Cartel Enforcement

  • Amazon Marketplace Sellers Pleaded Guilty to Price Fixing. On January 6, 2022, three individuals pleaded guilty to fixing the prices of DVDs and Blu-ray Discs sold on Amazon Marketplace. The alleged conspiracy began at least in November 2017 and continued until October 2019. Assistant Attorney General Jonathan Kanter noted that “it is critically important to deter, detect and prosecute crimes that prevent fair and open competition in online marketplaces.”

  • DOJ Left With Hung Jury in Poultry Price Fixing Prosecution. On December 16, 2021, a federal judge in Denver declared a mistrial after the jury failed to reach a verdict on whether 10 current and former poultry manufacturer executives engaged in unlawful price fixing and bid rigging. A retrial has been set for February 2022. The Department of Justice’s (DOJ) indictment was the culmination of a years-long investigation into the $95 billion chicken industry. The failure to obtain a verdict is a setback for DOJ, with meat prices being a policy priority for the Administration.

Agency Updates

  • Bedoya Renominated to Open FTC Commissioner Seat. On January 4, 2022, President Biden sent back to the Senate Alvaro Bedoya’s nomination to the Federal Trade Commission (FTC) after his original nomination expired at the end of the first session of the 117th Congress under Senate rules. The Senate Commerce Committee previously failed to report the nomination favorably, with a tie 14-14 vote on December 10, split along party lines.

  • DOJ and Department of Agriculture Issued Shared Principles and Commitments Regarding Promoting Competition in Agriculture. On January 3, 2022, Attorney General Merrick Garland and Secretary of Agriculture Tom Vilsack announced a shared commitment to “effectively enforcing federal competition laws that protect farmers, ranchers, and other agricultural producers and growers from unfair and anticompetitive practices.” The agencies promised to jointly develop within 30 days a centralized, accessible, and confidential process for submitting complaints about potential violations of the antitrust laws and the Packers and Stockyards Act. They also committed to increased information sharing and reporting between the agencies to facilitate case cooperation.

  • FTC Announced Two Settlements for Failure to Make HSR Filings.

    • On December 22, 2021, the FTC announced that Biglari Holdings Inc. will pay a $1.4 million civil penalty to settle charges that two March 2020 acquisitions of shares of Cracker Barrel Old Country Store, Inc., violated the Hart-Scott-Rodino (HSR) Act. According to the complaint, these two acquisitions, aggregated with Biglari’s prior holdings of Cracker Barrel, exceeded an HSR filing threshold. Biglari made a corrective filing in June 2020 after the FTC contacted the company and asked why no filing had been made.

    • Also on December 22, the FTC announced that Clarence Werner, a founder and former director of Werner Enterprises, Inc., agreed to pay a $486,900 civil penalty to settle charges that certain acquisitions of company stock while he was a director of the company violated the HSR Act, including several open-market acquisitions. According to the complaint, Mr. Werner made additional acquisitions of company stock after notifying the FTC that he was in violation of the HSR Act and before making a corrective HSR filing.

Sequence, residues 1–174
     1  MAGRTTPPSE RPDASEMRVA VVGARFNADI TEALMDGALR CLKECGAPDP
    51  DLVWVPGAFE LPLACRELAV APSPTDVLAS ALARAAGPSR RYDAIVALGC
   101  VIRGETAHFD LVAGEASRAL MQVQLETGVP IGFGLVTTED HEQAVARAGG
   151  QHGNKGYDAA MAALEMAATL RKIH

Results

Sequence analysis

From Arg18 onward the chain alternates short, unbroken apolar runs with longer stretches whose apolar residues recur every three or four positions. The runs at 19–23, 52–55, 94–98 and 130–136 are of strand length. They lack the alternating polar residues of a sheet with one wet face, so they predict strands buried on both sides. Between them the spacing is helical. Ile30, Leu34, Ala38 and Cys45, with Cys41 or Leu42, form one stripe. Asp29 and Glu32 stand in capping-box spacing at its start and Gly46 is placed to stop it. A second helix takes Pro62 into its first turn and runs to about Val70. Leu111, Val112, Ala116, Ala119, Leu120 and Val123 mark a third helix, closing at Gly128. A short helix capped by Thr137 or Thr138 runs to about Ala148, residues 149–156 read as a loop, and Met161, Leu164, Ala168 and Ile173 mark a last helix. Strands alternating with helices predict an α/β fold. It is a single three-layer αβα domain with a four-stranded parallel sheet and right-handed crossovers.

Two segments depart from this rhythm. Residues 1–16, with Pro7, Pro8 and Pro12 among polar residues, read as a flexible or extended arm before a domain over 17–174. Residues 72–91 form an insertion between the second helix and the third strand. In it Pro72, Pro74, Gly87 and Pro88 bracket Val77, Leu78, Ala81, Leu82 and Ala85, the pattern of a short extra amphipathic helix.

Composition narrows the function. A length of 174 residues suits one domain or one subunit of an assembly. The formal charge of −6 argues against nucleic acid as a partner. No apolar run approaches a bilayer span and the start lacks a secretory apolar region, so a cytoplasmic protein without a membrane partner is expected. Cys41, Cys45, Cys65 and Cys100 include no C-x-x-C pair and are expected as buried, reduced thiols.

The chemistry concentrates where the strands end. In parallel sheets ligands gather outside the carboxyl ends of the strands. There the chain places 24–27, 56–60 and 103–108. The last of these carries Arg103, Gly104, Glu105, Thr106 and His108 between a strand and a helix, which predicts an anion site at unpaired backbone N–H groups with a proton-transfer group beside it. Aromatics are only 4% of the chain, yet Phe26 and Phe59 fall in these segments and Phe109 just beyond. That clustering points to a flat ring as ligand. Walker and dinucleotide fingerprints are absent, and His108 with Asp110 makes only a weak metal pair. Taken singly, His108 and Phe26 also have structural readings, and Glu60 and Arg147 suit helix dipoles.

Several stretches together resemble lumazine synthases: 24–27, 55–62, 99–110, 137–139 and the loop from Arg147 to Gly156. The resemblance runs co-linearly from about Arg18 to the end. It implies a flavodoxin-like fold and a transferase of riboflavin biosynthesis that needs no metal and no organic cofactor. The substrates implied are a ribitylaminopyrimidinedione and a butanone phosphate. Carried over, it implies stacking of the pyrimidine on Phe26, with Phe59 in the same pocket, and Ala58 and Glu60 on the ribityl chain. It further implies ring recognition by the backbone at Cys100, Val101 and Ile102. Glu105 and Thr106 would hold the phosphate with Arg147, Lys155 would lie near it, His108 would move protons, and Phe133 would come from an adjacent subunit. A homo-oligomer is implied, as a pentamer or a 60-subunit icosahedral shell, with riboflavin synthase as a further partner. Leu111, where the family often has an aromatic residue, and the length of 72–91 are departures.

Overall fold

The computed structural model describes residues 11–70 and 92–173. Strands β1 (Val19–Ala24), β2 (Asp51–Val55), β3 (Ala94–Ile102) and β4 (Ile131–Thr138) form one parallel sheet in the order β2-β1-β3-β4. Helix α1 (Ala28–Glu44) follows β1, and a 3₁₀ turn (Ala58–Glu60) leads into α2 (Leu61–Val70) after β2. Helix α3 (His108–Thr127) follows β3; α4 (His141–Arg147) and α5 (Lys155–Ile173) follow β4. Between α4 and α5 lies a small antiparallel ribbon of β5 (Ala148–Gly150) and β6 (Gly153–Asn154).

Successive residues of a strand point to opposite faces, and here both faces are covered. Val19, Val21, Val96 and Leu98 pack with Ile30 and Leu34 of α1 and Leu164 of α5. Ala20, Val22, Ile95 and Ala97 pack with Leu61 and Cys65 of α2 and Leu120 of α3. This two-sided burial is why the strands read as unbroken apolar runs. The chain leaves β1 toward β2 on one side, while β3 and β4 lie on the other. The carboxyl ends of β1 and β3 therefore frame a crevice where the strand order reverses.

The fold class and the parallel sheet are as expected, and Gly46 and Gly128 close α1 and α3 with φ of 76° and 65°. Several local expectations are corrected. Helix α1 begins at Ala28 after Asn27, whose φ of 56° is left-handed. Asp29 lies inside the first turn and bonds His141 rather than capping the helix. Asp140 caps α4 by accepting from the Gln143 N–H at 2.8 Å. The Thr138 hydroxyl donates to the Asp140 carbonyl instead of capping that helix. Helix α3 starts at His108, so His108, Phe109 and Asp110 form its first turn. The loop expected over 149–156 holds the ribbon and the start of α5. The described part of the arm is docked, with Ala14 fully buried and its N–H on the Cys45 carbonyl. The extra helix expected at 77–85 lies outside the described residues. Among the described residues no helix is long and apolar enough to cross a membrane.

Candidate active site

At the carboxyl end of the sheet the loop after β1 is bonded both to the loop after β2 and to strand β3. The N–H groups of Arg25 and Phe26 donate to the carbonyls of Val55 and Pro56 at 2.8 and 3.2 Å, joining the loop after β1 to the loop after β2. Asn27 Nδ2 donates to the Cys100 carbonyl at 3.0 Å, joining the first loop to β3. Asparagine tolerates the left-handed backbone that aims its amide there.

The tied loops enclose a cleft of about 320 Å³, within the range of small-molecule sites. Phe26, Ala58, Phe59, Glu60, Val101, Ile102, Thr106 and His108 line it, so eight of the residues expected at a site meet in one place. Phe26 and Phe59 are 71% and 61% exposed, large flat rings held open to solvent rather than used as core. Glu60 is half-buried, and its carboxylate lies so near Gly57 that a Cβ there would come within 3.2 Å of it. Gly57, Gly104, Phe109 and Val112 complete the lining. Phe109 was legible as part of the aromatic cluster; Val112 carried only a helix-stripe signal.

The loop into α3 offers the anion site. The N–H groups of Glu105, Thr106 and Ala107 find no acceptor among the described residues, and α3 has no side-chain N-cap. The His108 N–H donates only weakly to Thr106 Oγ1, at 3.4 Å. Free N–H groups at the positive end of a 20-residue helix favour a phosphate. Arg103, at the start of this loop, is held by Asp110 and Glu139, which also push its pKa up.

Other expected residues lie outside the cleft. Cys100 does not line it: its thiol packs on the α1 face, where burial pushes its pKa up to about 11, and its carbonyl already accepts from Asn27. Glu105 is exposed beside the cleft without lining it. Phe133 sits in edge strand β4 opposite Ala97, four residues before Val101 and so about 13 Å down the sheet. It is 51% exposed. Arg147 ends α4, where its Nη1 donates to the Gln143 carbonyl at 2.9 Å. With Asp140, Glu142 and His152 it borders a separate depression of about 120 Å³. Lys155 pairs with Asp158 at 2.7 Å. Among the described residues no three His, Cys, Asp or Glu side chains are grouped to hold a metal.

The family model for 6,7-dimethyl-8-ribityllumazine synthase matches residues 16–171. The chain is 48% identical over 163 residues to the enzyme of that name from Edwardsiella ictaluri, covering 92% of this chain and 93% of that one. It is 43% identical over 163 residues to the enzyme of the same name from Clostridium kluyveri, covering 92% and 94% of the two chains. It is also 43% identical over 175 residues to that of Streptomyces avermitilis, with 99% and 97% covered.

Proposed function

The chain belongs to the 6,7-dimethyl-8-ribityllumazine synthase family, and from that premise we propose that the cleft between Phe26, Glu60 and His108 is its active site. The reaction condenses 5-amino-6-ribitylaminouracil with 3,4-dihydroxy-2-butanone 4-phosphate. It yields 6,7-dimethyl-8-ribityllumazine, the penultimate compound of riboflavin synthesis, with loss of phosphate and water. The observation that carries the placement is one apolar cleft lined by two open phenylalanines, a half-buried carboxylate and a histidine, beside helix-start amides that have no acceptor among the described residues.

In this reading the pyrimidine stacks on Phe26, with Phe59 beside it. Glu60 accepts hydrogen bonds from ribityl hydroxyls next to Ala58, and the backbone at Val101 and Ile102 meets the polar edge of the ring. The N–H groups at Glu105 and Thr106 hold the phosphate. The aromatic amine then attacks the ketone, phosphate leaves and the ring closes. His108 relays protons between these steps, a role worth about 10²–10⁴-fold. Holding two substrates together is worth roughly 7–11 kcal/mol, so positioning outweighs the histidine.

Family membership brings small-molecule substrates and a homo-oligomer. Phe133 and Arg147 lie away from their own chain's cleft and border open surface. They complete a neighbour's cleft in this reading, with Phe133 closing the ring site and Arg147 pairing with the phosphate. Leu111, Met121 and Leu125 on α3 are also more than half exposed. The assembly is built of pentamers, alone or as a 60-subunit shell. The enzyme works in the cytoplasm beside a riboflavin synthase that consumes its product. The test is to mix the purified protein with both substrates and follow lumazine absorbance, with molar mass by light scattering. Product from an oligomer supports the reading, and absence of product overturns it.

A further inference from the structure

• DOJ Opened Comments on Bank Merger Review. The DOJ’s Antitrust Division announced on December 17, 2021, that it is seeking additional public comments on whether and how the division should revise the 1995 Bank Merger Competitive Review Guidelines. Building on responses received during its September 2020 call for public comments, DOJ is focused on whether the methods and substantive theories for merger reviews described in the guidelines are sufficient to prevent potentially harmful mergers. The comment period expires on February 15, 2022.


  • German Competition Enforcement Agency Issued First Decision Under New Abuse Control Provision. On January 5, 2022, Germany’s Federal Cartel Office (FCO) issued a decision under its extended abuse control provisions that were introduced in January 2021. Under these provisions, the FCO can prohibit companies that are found to have “paramount significance for competition across markets” from engaging in certain practices, without finding a “traditional” abuse of dominance. In its first decision, the FCO found that Google/Alphabet is of paramount significance for competition across markets, which means that the company will be subject to the specific abuse control regime for the next five years. Google has announced it will not appeal the decision.

  • Germany and Austria Updated Joint Guidelines on Transaction Value Thresholds. Effective January 1, 2022, the German and Austrian competition agencies updated their joint guidelines concerning transaction value thresholds for merger control. The guidelines describe how to assess “substantial domestic operations,” particularly for digital and pharmaceutical industries. Under the current rules, transactions that are below the traditional turnover thresholds may still be notifiable if the value of the transaction exceeds EUR 400 million (Germany) or EUR 200 million (Austria). This alternative threshold intends to capture transactions where the target does not yet have a high domestic turnover but has significant potential to affect competition. The updated guidelines account for the recent changes to the German Cartel Act and Austrian Cartel Act as well as recent case law since the publication of earlier guidelines in mid-2018.